FCC's Super WiFi Spectrum Plan Has Big Potential


The Federal Communications Commission is poised to open up a prime chunk of wireless radio frequencies that could soon be used to blanket towns with broadband Internet access. The FCC is expected to vote on Sept. 23 to open up so-called "white spaces" -- the wireless spectrum between TV channels -- for public use.

"We're going to do something big here," FCC Chairman Julius Genachowski told Bloomberg. "This is very high-quality spectrum." The spectrum -- which is unlicensed and available for anyone to use -- is considered valuable because it can travel longer than WiFi and penetrate structures. Thus, the spectrum has been referred to as "WiFi on steroids," or in the chairman's more politically correct phrasing, "Super-WiFi."

Microsoft, Google Abuzz With Spectrum

Whatever you want to call it, tech watchers are buzzing about the new spectrum, and big companies are getting ready to take advantage of it. Google (GOOG), Microsoft (MSFT), Dell (DELL), Hewlett-Packard (HPQ), Motorola (MOT) and Nokia (NOK) are among the companies that have advocated opening up the spectrum, Rebecca Arbogast, a managing director at Stifel Nicolaus, wrote in a recent note to clients.

Microsoft, for example, has already set up two towers using the spectrum that it says cover its entire 500-acre Redmond, Wash., campus. (Thousands of WiFi routers would be needed to cover the same area.)

Arbogest said some of the benefits could be "enhanced corporate campus, hospital, school, and in-home networking, similar to the current Wi-Fi systems, but with better building/wall penetration."

Google has been particularly vocal in calling for the spectrum to be opened. That's because "Google could put up 10 transmitters and blanket all of Silicon Valley," says Chris Riley, Policy Council at Free Press, a D.C.-based advocacy group.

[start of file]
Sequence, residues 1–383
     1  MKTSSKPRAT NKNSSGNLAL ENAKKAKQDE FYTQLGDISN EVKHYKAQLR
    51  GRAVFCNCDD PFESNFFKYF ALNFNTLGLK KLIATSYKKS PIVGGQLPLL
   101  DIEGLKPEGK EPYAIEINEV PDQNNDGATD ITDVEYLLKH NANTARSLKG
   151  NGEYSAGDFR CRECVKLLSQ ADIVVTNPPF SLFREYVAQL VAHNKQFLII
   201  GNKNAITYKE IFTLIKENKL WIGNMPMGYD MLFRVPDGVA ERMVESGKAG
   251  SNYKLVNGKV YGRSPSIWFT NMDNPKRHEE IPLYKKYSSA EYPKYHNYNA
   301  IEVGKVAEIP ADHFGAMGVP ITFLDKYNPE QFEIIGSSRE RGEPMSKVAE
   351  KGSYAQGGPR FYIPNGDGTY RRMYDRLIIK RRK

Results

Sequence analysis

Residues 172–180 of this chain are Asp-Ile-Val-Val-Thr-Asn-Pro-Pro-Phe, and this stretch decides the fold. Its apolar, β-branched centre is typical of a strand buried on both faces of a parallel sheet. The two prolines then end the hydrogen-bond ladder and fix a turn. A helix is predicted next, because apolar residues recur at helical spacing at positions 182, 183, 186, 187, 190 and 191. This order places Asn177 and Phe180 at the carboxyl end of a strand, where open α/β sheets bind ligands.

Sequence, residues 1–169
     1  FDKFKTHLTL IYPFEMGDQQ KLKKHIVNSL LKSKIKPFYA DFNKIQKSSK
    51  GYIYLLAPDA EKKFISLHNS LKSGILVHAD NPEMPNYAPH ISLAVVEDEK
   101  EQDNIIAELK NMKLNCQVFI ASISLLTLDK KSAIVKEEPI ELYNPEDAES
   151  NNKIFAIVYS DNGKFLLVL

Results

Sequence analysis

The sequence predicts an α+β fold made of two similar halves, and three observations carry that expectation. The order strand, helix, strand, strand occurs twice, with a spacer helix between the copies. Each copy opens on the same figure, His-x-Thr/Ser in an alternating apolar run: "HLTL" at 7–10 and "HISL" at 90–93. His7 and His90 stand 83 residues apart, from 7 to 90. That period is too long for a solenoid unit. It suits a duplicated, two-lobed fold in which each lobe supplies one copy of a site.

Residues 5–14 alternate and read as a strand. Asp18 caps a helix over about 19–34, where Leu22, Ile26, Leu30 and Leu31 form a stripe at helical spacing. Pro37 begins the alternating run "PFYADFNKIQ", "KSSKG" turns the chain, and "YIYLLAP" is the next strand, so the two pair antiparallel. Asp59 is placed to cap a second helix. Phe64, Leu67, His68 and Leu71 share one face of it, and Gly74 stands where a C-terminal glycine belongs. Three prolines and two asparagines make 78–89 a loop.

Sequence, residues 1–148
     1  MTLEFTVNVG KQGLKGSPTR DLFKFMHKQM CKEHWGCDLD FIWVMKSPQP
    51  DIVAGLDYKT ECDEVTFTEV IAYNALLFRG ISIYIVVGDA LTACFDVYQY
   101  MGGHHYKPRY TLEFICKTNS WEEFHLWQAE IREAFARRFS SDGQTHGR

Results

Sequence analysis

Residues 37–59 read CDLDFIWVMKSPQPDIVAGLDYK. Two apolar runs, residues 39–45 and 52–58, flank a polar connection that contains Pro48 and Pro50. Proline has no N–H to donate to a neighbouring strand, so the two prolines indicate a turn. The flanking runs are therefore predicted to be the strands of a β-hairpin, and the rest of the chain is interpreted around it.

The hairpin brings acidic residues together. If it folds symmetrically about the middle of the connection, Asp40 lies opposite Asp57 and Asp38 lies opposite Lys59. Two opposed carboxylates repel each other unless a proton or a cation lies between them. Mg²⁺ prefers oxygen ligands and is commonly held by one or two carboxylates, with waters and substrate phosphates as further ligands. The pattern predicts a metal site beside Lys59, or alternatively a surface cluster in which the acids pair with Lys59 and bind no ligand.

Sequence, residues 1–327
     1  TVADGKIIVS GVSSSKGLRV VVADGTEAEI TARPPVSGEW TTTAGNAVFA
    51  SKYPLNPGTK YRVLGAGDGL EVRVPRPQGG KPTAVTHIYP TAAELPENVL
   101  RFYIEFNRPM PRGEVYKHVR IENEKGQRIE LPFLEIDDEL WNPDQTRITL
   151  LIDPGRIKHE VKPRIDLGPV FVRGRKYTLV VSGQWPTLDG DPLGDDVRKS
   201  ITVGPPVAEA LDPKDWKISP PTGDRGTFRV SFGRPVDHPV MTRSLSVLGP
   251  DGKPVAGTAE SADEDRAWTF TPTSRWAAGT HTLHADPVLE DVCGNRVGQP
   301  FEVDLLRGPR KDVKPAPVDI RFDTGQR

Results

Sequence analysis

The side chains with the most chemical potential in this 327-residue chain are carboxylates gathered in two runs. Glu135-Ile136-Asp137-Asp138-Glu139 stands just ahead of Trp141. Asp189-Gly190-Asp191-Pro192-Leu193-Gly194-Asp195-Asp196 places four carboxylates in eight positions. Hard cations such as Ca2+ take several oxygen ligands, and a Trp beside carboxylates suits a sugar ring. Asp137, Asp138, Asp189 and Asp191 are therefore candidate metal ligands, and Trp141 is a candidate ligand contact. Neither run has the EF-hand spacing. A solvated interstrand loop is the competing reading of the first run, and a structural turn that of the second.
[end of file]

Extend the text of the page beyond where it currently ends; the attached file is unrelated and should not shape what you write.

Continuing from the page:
What would that mean? "If Google wanted, they could totally uproot the entire existing telecommunications infrastructure of Silicon Valley," he said. "I don't think they want to do that, and I don't think they're going to do that. But it is now possible."

Still Several Years From Reality

More likely, Riley says, are things like local community bulletin boards or coverage for small towns or universities. "A small town could afford to put up white-space transmitters, and you could wire your town for peanuts," he says. "if you're not getting fiber roll-out from Verizon, you can take matters into your own hands."

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Public interest groups are guardedly optimistic about the proposal as they wait to see the final details. White spaces have been on these groups' wish list for some time, and Genachowski is eager to deliver some results heading into the midterm election.

With the FCC set to vote in favor of the proposal this month -- after a two-year process -- consumers still have a year or two before they see the benefits, Riley says, which remain largely unknown.

"We had no idea what WiFi would do when the FCC opened up that spectrum," says Riley. "We had no idea how awesome it would be. This is kind of like that."